- Nakamura R, Saber W, Martens MJ, et al. Biologic assignment trial of reduced-intensity hematopoietic cell transplantation based on donor availability in patients 50-75 years of age with advanced myelodysplastic syndrome. J Clin Oncol. 2021;39(30):3328-3339. doi: 10.1200/JCO.20.03380
- Cusatis R, Martens MJ, Nakamura R, et al. Health-related quality of life in reduced-intensity hematopoietic cell transplantation based on donor availability in patients aged 50–75 with advanced myelodysplastic syndrome: BMT CTN 1102. Am J Hematol. 2023;98(2):229-250. doi: 10.1002/ajh.26768
- UpToDate. Clinical manifestations, diagnosis, and classification of myelodysplastic syndromes (MDS). Accessed May 12, 2023. https://www.uptodate.com/contents/clinical-manifestations-diagnosis-and-classification-of-myelodysplastic-syndromes-mds.
- El Jurdi N, Martens M, Brunstein CG, et al. Quality of life in patients undergoing double umbilical cord blood vs. haploidentical marrow transplantation: A QOL analysis report of BMT CTN 1101. Blood. 2022;140(S1):10545–10546. doi: 10.1182/blood-2022-158828
- Shaw BE, Brazauskas R, Millard HR, et al. Centralized patient-reported outcome data collection in transplantation is feasible and clinically meaningful. Cancer. 2017;123(23):4687-4700. doi: 10.1002/cncr.30936
- CIBMTR. PRO Data Collection Protocol. Accessed May 5, 2023. https://cibmtr.org/CIBMTR/Data-Operations/Protocols-Consent-Forms/PRO-Data-Collection-Protocol.
- CIBMTR. Patient-Reported Outcomes (PRO) Data Collection. Accessed May 5, 2023. https://cibmtr.org/CIBMTR/Studies/Research-Programs/Patient-Reported-Outcomes-PRO-Data-Collection.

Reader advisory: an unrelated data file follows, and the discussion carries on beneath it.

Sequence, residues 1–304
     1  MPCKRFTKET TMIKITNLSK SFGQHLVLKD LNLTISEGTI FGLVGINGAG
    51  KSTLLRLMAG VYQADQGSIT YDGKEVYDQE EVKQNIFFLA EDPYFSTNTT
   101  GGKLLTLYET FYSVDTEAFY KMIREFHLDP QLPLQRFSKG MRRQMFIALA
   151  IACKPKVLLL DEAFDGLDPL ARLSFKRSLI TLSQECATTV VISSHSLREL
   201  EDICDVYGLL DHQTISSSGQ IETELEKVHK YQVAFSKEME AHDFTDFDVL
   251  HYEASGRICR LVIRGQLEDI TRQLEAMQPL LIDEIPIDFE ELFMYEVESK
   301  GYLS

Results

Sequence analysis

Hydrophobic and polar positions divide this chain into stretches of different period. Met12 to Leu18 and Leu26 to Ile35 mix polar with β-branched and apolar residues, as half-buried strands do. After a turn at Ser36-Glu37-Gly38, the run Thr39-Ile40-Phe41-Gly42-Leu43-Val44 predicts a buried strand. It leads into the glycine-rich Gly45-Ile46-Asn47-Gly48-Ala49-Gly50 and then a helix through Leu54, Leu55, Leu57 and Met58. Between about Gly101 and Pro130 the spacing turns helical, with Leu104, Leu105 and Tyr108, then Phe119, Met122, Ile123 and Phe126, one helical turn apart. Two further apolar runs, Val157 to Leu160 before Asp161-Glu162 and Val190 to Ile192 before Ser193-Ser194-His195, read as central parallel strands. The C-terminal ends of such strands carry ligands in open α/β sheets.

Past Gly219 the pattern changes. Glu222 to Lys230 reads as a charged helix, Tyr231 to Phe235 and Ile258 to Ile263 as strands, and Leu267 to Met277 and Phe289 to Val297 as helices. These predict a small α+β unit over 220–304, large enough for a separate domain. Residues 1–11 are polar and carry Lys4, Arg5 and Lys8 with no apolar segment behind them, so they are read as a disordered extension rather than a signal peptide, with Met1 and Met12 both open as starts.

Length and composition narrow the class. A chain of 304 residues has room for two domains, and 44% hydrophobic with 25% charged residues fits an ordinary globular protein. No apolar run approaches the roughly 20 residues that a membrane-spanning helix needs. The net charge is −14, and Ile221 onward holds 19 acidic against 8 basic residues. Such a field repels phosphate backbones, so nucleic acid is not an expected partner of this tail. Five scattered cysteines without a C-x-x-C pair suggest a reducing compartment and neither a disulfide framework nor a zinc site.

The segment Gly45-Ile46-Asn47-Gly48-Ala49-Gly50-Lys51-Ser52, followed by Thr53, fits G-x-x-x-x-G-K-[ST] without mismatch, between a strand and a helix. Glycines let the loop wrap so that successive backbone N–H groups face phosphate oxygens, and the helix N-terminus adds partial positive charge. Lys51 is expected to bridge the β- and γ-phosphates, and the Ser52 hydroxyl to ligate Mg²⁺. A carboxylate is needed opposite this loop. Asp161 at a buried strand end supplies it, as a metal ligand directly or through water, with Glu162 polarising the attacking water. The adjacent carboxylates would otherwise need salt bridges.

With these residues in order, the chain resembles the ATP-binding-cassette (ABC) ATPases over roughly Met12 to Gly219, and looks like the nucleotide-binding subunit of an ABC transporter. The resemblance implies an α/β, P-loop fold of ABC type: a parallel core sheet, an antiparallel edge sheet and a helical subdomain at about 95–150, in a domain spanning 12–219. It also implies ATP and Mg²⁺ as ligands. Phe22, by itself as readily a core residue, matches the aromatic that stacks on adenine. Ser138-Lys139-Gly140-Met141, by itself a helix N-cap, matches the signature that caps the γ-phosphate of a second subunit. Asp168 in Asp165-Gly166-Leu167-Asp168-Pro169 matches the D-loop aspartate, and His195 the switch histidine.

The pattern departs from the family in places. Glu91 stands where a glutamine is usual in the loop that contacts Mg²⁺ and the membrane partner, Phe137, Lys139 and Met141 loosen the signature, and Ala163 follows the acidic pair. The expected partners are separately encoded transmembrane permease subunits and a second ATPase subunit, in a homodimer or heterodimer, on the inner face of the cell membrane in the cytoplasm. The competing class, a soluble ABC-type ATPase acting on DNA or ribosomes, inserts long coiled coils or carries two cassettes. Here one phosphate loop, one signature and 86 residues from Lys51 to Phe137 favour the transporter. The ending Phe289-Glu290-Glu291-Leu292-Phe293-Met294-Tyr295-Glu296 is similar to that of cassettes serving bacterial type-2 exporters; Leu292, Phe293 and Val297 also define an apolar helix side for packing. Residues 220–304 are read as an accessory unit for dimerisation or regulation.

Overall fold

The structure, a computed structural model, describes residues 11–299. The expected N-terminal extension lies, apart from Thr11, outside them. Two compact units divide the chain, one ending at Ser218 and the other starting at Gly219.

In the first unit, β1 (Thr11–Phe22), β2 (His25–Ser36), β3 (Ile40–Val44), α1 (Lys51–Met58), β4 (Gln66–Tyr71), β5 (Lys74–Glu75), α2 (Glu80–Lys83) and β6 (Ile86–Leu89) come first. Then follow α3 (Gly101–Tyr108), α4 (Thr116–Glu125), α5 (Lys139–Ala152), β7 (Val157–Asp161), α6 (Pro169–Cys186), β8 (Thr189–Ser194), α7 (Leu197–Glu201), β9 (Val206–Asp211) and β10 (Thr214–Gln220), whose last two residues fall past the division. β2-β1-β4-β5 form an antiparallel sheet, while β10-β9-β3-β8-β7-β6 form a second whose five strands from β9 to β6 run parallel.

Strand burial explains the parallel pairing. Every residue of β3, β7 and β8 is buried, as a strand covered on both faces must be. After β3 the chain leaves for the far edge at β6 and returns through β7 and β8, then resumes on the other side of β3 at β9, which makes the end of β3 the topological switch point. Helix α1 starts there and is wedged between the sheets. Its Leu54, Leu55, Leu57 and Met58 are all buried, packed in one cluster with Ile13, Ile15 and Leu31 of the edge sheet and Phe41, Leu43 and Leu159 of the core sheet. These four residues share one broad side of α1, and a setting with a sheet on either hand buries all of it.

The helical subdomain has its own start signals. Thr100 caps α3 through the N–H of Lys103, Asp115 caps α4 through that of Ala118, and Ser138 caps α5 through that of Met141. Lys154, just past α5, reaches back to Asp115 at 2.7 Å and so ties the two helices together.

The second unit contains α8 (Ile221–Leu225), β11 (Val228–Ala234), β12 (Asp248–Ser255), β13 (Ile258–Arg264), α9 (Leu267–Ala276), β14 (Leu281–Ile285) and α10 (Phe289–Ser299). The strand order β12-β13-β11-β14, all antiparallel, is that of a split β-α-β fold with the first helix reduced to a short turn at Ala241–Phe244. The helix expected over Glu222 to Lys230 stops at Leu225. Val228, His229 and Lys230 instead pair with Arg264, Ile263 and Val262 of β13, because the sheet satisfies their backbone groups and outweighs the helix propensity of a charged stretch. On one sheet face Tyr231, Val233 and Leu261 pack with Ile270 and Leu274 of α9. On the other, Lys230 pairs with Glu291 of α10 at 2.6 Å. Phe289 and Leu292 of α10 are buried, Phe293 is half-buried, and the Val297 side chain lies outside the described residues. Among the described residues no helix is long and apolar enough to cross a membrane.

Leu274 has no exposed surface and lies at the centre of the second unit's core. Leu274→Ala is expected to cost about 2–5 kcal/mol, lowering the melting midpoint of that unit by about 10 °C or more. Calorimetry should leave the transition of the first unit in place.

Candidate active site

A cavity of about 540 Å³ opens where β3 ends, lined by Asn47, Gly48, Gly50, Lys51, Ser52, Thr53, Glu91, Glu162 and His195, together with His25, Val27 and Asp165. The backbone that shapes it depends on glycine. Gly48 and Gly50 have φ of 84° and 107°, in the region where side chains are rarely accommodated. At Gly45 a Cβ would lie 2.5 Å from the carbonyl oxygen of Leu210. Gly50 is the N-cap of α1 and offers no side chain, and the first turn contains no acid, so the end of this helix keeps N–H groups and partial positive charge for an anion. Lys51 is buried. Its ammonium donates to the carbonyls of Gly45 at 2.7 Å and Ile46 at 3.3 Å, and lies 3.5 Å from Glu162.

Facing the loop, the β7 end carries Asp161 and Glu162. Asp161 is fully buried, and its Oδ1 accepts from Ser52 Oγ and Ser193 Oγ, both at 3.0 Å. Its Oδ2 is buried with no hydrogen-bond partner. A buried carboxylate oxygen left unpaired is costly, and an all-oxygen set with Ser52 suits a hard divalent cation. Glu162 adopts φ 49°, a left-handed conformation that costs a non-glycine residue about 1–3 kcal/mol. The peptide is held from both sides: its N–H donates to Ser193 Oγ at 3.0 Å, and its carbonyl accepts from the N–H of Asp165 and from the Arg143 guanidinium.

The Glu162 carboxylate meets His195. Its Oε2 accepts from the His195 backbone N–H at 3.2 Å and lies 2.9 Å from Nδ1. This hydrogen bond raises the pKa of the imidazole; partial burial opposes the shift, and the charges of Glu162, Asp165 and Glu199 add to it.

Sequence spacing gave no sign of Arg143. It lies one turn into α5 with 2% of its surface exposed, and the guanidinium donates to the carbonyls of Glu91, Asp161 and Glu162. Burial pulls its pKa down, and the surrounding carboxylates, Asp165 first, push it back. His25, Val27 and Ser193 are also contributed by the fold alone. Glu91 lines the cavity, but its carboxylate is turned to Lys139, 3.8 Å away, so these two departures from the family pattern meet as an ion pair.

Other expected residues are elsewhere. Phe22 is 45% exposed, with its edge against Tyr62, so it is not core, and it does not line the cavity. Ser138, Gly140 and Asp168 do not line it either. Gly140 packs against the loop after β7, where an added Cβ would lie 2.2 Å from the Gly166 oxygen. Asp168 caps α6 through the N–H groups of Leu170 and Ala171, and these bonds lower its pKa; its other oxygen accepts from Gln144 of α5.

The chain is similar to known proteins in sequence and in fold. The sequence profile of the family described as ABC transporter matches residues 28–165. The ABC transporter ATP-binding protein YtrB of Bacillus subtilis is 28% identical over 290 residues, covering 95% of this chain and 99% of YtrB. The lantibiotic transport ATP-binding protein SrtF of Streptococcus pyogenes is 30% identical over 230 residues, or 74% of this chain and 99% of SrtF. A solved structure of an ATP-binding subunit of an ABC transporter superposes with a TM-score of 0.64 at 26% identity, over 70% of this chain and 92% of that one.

- Calvert MJ, Cruz Rivera S, Retzer A, et al. Patient reported outcome assessment must be inclusive and equitable. Nat Med. 2022;28:1120-1124. doi: 10.1038/s41591-022-01781-8
About The Author:
Anna DeSalvo is a practice implementation principal at the National Marrow Donor Program (NMDP)/Be The Match. In this role, she helps translate research findings into meaningful programs and standardized practice to provide the best care and outcomes for patients. Previously, she worked with the clinical trials search and support team within NMDP/Be The Match. Prior to joining NMDP/Be The Match, DeSalvo worked as a genetic counselor in multiple clinical settings including oncology and clinical genomics. She graduated from the Icahn School of Medicine at Mount Sinai genetic counseling program in 2016 and received a certificate in implementation science from the University of California San Francisco.